The Dutch Colonial Home... A mainstay of the architectural lanscape of Staten Island's more established communities.
As you may know, Henry Hudson explored the eastern shore of the United States in 1609. This exploration led to a settlement being established in 1613, which in turn led to the creation of New Netherland, which included parts of Connecticut, Delaware, New Jersey, New York, Pennsylvania, and Rhode Island. The primary motive for settling in this area was to trade with the Indians, who inhabited the land. Eventually, more Dutch emigrants settled in the area, along with Huguenots, who were fleeing Europe, and began to build homes for themselves out of stone and wood. The signature style that was used in Delaware, New Jersey, New York and Pennsylvania later became known as Dutch Colonial-style architecture.
Perhaps the most distinguishing feature of a Dutch Colonial home is the steeply-pitched gambrel roof. The sides of the roof have two slopes, with the lower slope being steeper and creating an overhang. If the house were built of brick, the brickwork would be laid in the cross-bond pattern. If the gables were straight-sided, the home would have parapets above them, as well as double-hung windows in the triangle or at the gambrel end. The gable-end would have a chimney. Doors were often divided horizontally, to keep out wild animals, but to keep in fresh air and light. These houses were popularly built around 1625-1840.
By the 1900s, a revival of the architectural style occurred in the United States. It became quite popular during the 1920s, but by the 1930s, the popularity began to diminish. Many of the features of Dutch Colonial Revival-style homes strayed from the original Dutch Colonial style. Many of the modern homes now had columns, transoms, and sidelights beside the now-vertical doors.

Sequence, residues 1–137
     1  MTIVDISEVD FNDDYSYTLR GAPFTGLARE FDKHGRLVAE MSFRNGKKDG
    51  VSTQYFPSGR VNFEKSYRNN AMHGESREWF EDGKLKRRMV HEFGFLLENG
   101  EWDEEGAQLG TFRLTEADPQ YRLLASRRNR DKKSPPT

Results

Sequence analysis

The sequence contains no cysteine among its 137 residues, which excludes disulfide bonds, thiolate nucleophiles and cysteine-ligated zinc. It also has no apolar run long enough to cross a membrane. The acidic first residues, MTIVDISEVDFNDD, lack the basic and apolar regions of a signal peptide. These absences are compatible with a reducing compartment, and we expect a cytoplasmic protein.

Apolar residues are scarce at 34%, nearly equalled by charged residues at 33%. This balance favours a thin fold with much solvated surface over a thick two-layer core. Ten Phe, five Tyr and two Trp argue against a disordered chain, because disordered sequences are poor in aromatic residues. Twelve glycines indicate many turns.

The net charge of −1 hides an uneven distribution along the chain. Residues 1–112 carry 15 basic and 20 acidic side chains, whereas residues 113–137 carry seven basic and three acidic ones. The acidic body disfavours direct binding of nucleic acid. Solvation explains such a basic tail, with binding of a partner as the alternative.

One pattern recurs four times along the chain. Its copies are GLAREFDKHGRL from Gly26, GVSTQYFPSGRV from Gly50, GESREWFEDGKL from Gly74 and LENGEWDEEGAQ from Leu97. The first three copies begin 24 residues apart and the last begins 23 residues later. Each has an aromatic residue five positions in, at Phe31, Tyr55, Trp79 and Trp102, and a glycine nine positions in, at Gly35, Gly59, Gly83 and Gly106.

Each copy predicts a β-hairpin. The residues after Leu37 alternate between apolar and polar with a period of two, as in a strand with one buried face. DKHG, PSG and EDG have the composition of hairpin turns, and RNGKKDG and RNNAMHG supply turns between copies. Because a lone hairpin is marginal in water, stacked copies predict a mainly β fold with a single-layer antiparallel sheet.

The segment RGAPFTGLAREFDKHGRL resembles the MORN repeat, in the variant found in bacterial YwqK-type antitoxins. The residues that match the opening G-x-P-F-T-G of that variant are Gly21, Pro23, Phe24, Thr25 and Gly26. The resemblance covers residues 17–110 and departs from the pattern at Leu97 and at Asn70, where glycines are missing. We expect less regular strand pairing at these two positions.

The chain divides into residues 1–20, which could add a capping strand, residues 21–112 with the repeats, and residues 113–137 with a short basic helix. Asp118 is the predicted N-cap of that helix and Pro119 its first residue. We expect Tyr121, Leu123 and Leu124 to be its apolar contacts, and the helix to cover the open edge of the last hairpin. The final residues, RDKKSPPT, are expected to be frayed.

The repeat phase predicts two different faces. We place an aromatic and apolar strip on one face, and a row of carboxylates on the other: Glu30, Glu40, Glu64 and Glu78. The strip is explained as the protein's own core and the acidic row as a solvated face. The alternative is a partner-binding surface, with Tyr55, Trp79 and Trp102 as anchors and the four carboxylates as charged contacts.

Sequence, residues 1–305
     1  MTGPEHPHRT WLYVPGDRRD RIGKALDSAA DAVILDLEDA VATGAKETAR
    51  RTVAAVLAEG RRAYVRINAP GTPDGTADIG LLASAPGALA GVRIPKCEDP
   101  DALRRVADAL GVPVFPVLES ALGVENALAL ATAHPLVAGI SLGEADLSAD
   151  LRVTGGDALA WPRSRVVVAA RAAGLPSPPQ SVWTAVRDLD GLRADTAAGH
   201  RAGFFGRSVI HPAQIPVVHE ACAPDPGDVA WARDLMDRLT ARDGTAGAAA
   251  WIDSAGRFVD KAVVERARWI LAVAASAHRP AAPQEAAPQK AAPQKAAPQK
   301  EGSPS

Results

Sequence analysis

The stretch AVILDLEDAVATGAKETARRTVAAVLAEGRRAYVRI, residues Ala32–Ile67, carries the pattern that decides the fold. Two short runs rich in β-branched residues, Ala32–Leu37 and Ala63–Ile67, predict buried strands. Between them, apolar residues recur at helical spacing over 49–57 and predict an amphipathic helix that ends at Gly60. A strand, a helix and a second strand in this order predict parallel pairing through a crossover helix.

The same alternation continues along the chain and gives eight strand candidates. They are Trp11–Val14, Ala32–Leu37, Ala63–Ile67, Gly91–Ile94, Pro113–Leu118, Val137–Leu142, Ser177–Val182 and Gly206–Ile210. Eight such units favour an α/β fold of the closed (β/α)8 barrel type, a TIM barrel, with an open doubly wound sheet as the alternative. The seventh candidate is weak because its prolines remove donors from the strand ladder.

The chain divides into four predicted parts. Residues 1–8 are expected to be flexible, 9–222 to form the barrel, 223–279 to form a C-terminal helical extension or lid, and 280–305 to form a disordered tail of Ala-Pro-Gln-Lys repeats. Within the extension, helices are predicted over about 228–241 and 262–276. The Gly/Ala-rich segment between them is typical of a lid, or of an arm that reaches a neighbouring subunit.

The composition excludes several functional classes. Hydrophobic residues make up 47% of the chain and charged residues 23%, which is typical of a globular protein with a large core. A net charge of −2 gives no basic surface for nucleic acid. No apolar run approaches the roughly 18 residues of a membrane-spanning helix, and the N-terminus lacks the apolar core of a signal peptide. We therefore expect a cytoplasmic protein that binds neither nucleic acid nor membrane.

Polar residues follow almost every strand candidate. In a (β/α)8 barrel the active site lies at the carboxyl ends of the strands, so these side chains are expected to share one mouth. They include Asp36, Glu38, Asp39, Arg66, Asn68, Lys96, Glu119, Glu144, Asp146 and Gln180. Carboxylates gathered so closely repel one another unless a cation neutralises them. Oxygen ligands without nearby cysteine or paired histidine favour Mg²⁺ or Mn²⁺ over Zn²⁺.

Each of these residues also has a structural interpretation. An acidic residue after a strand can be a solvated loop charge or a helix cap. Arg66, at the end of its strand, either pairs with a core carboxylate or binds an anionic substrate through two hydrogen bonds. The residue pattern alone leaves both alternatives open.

There are many Dutch Colonial Revival-style homes in Staten Island. The rarer sights, however, would be the Dutch Colonial-style homes found here. By about 1665 Pierre Billiou, the famous Staten Island Huguenot, built a house at what is now 1476 Richmond Road. Through the years, the home was inherited and sold to a handful of occupants. However, it still retained its Dutch Colonial features. This home is known as the Billiou-Stillwell-Perine House. It was added to the National Register of Historic Places on January 1, 1976 and is currently owned by Historic Richmondtown.
During the late 1600s, a one-room home was constructed by a Paulus Regrenier, another French Huguenot, at what is now 509 Seguine Avenue. During the early part of the next century, Abraham Manee, who had purchased the structure, made additions to it, creating a Dutch Colonial-style house for himself. By the 1780s, the Seguine family had acquired the home. They, too, made additions to the house, but, like the Billiou-Stillwell-Perine House, it retained its Dutch Colonial style. The home is now known as the Abraham Manee House, or the Manee-Seguine Homestead. On September 11, 1984, it was designated as a New York City Landmark.